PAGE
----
Hi, have recentley moved to a new company, who have an existing telecomms services company managing their Phone system. As part of a series of network upgrades, I am proposing to install CCM as a secondary swtichboard to serve one of our new sites, and eventually migrate the existing system over. However, after obtaining quotes from a few partners, our existing provider (who is a gold partner) came back with the cheapest quote by far... however, they list the following in there quote:
1 x Call Manager Publisher Software
1 x Call Manager Subscriber Software
20 x Cisco 7911 IP Handsets
1 x ISDN30 Gateway
20 x Cisco Voicemail Licences
1 x Qsig Connectivity
and thats it... the quote was a little to good to believe, so I asked for a few details, e.g. part numbers, version numbers etc.. nothing that any other partner hadn't provided up front. They have so far point blank refused to provide any of those, claiming they sell 'solutions' as a whole!?!? Are they allowed to do this? Does this sound dodgy to anyone else?
This is not completely unheard of from "Solutions" providers. Don't forget that as the customer here you get to make the ultimate purchasing decision! If you don't like the way they have presented their quote, let them know what you want and why. If they can't provide the details that you (and many others here) require, then go with another Partner/Provider. Don't forget the old saying;
"If it sounds too good to be true it probably is"
The other thing you can do is to come up with a detailed "Scope of Work" document that is part of the quote/bidding process. That way everyone is on the same page;
This type of document allows you to manage expectations on your part and of course from the suppliers perpective :) By working through the scope of the project in detail you will be able to mitigate potential problems that arise from not being on the "same page" as the prospective supplier.
Here are some excerpts from a great doc (written in the Providers perspective, but equally important from yours as well!);
"The Scope of Work sets expectations so that all parties understand what is included and excluded, the phases of the project or service, and the entry and exit criteria for each phase. By creating a well-defined Scope of Work that is based on a blueprinted service, you can minimize scope creep and design your service to proactively meet your customers needs.When designing a service, the Scope of Work should use the results from the service design process to produce a document that specifically spells out what is included and excluded in the service, as well as the team member responsibilities.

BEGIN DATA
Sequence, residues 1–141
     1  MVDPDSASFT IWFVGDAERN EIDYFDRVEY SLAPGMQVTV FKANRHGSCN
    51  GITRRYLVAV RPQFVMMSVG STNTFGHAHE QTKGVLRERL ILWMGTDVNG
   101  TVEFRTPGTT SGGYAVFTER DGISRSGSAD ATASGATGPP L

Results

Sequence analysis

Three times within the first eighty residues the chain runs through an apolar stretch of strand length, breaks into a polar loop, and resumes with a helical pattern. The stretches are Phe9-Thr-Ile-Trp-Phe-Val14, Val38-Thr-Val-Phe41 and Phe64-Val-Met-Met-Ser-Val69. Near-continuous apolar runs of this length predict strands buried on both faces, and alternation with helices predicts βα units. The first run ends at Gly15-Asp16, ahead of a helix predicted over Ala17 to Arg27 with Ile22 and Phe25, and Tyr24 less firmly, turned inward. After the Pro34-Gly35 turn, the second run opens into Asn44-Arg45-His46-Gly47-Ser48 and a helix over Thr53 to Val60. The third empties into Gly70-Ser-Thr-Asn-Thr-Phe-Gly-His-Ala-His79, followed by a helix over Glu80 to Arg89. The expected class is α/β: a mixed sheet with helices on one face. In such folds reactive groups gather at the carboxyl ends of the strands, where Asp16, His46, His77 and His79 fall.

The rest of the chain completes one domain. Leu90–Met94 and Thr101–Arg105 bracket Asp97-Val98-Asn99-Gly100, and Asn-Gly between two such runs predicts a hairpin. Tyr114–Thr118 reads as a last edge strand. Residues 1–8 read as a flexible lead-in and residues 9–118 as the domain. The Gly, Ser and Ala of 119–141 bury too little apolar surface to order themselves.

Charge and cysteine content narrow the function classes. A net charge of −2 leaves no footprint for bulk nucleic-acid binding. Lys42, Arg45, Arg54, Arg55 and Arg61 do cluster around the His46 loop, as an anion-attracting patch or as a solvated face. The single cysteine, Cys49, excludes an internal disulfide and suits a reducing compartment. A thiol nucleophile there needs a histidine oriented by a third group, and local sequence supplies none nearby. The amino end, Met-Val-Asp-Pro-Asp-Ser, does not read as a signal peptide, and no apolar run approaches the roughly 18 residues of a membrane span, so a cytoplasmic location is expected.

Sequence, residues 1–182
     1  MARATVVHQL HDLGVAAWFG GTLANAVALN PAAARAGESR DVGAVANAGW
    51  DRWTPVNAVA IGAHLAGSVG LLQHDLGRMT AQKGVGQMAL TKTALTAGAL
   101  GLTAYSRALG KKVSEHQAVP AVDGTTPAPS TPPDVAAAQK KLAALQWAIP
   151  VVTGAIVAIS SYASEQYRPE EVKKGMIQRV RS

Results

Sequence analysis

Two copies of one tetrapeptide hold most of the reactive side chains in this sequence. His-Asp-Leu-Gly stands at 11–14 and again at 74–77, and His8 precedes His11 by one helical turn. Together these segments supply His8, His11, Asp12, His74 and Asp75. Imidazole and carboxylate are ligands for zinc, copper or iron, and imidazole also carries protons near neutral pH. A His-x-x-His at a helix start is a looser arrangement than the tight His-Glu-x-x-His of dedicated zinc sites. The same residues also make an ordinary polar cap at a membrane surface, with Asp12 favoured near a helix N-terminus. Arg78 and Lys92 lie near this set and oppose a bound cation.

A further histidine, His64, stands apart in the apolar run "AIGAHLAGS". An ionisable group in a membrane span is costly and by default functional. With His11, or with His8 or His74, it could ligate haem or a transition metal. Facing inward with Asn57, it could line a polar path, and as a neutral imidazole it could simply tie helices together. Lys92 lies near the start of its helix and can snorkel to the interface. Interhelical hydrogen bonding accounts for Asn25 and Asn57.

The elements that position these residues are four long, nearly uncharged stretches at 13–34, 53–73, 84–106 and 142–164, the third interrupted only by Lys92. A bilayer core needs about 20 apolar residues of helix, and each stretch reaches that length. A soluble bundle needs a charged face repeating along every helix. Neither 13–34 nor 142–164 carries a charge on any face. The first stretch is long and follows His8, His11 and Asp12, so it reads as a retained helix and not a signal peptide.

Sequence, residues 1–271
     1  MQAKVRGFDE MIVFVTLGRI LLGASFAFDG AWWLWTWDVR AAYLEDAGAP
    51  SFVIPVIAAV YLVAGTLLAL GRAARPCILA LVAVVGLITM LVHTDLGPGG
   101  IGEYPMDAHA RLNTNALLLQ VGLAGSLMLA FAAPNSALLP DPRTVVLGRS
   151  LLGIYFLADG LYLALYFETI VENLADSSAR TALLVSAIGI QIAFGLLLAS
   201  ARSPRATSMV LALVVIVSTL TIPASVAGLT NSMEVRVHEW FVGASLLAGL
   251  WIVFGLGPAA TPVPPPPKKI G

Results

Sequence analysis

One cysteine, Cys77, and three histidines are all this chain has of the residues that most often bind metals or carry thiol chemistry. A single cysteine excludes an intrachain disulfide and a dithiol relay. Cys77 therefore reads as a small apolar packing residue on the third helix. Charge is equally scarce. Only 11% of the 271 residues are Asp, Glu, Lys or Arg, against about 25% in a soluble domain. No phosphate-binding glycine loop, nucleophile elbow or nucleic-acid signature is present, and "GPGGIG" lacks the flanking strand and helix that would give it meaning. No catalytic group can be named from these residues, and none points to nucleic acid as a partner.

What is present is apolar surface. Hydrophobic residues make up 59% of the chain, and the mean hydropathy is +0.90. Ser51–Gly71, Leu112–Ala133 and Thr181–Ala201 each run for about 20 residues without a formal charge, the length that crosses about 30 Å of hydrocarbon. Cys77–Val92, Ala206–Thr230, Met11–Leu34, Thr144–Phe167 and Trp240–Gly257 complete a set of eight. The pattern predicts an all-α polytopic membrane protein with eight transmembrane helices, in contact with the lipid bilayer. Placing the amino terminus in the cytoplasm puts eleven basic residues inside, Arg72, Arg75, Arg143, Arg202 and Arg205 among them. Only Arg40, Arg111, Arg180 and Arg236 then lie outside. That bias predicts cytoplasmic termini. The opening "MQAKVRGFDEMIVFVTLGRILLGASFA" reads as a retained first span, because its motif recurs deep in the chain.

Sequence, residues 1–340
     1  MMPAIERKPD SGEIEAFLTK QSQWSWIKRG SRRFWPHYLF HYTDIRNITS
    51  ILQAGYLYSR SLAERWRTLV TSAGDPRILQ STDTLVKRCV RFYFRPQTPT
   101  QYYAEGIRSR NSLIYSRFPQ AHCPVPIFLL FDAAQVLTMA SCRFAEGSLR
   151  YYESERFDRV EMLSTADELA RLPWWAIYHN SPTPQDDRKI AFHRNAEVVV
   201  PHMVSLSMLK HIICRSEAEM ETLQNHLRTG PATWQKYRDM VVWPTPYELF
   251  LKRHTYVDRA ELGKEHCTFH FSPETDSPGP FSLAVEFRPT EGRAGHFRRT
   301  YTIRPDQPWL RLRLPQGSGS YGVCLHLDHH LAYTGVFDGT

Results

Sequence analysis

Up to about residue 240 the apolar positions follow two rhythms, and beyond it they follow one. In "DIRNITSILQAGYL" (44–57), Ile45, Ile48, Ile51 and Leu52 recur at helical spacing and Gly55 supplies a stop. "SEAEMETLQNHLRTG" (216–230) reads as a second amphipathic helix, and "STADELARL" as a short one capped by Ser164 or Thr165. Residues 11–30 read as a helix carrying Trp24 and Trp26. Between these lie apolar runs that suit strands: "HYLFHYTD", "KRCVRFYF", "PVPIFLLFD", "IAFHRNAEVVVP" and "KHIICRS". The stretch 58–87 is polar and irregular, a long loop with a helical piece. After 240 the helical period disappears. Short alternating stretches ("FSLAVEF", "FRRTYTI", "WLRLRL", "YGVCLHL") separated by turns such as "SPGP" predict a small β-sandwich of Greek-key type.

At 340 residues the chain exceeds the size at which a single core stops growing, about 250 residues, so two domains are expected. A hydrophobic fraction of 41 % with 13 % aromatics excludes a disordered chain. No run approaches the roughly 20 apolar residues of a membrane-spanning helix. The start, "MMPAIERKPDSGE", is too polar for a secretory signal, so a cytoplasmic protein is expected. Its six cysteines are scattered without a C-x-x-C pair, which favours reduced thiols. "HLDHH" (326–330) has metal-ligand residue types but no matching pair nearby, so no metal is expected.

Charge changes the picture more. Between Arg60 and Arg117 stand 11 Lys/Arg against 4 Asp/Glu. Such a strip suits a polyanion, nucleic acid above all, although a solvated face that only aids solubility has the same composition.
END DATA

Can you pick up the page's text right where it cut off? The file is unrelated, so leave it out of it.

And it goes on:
Service Scope: It is important to look at the service design and provide the high level detail of all that is included in the service. This would include technology areas covered, functionality included, and the ultimate deliverables. It's equally important to detail the service assumptions and exclusions. Additionally, list in detail what is not included in this service. This is a key area to think through in detail to prevent scope creep and delays. Identify potential points of delay or service failure, and if they're not in your control, specify that your service performance will be affected by any errors or omissions within these customer dependent systems.
Phase Responsibilities: For each phase, detail the responsibilities of both the customer and your organization. It's then easy to review the entire service prior to launch and spell out which actions are required by the customer. By stating the customer requirements in the Scope of Work, you can reference them in the assumptions section by indicating that if the customer responsibilities are not met in their appropriate phases, the timeline will not be met and the service objectives will be at risk.
Phase Deliverables: For each phase, describe and define the deliverables or outcomes of the specific phase. This will help all stakeholders understand the relevancy and importance of each phase relative to the service objective.
Phase Completion Criteria: Completion criteria, or boundary conditions, are critical for each phase. They act as toll gates or checkpoints to make sure that all responsible parties are contributing to reach the goal. In project management terms, they act as milestones to the service where critical actions need to be completed. Think of this in terms of a decision to move forward, or an acceptance of a phase deliverable.
The Finished Product
The completed Scope of Work can take on a variety of forms, but remember that this is ultimately a legal document binding you to perform the services as described."
From this well written (By Paul Born ) Scope of Work doc;
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